I plan to hire a carter in Bury,so we may be messing about there for a while tomorrow, however, I do hope to get Alice’s things packed up.
Did I tell you that I wrote to Lord Hatherley through Spurgeon with regards to the bailiff on one of his lesser estates? He wrote back and told me that the land was no longer his and that I should apply to a Mrs. Nettleby. Mr. Embury chortled happily and told me that as he was Mrs. Nettleby’s solicitor and man of business he would deal with the bailiff, if I would be ready to do any violence that was needful.
I may send Spurgeon on the stage to Bury to hire a cart and carter, and go straight to Alice’s former home, the better to start sorting, indeed he can also get out a carter from the auction house. Knowing that the property is now owned by one of our own [I had to be told that this was the inimitable Daisy] there is no hurry, as Mr. Embury assures me that Mrs. Nettleby would be lenient in such matters, but I think Alice would be easier in her mind if it was sorted out.
Tomorrow evening should find me at the Seven Bells, in Monkshithe, but if you wish to write to me there, it will find me eventually, even if I stay with Sir Henry in South Elmham St Peter.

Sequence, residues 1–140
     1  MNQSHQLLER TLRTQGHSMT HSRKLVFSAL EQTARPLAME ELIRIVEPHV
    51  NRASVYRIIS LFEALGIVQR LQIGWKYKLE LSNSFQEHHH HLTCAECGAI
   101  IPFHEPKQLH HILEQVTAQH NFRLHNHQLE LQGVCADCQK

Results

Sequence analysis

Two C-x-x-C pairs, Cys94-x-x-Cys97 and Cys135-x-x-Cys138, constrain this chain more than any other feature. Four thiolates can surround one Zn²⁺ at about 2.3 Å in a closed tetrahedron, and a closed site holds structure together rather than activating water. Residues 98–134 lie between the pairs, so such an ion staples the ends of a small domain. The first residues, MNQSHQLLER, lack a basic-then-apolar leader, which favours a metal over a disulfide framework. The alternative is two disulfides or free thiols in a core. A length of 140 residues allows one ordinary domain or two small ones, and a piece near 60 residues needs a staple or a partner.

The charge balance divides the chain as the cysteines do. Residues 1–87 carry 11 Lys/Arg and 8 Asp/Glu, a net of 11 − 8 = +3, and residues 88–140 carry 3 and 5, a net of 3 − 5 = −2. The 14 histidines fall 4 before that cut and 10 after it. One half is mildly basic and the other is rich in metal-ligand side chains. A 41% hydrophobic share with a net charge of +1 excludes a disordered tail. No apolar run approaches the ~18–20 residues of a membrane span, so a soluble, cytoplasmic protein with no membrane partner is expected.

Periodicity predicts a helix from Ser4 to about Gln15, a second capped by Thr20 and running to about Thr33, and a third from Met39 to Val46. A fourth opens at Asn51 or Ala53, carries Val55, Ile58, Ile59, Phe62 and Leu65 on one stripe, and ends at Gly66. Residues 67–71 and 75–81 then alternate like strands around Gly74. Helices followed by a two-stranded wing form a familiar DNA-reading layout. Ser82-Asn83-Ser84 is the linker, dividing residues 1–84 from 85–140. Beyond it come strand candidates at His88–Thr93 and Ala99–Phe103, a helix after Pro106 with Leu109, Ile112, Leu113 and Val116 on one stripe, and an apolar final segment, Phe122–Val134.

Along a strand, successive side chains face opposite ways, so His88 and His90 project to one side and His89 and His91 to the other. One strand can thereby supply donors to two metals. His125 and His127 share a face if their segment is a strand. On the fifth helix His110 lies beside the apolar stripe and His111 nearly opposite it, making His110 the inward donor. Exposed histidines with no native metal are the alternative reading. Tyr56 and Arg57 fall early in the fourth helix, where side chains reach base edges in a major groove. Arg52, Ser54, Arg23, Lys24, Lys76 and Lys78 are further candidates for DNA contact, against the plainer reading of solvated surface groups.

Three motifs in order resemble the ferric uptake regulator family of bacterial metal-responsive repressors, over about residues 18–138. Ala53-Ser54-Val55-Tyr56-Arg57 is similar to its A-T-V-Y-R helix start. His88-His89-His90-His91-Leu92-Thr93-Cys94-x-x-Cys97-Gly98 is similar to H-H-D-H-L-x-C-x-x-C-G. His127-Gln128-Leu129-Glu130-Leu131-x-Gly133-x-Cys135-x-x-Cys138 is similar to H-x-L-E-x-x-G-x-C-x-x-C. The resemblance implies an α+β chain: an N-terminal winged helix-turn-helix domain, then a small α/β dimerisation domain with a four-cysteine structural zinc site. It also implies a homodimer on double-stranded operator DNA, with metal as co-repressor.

I am turning in early, I confess that even in the chaise it has been quite a journey with the side-trip to Slough, and what a Slough of Despond it was for that poor woman. She is by no means old, being perhaps some fifty summers, but it is older than many people would wish when hiring a governess for the first time, and one has to be lucky to find a girl in her teens, say, who has lost a previous governess to some circumstance, when an older governess might be acceptable, or even advantageous if there are older boys and young men in the family. I told Miss Tissot that you would send John coachman for her, I hope I did right, but I have seen the tender care you and Mrs. Macfarlane offer to your staff, so I thought it would be forgiven that I was my usual heavy-handed self in that matter.
Yours sincerely,
Lucius Belvoir.”


“Well, that’s a heavy-handedness I can live with,” said Libby. “Now has he ... oh, excellent, yes, he has included her address. Unworthy of me to suspect him of expecting me to know by some form of magic.”
“He is a little more efficient than some men, even as Graeme is,” said Elinor. “I suspect it’s why Daisy decided that Julian Nettleby was worth keeping; unlike many who fancy themselves as poets, he is actually capable of hiring sailors for a river exeat, and procuring food for the girls at a moment’s notice.”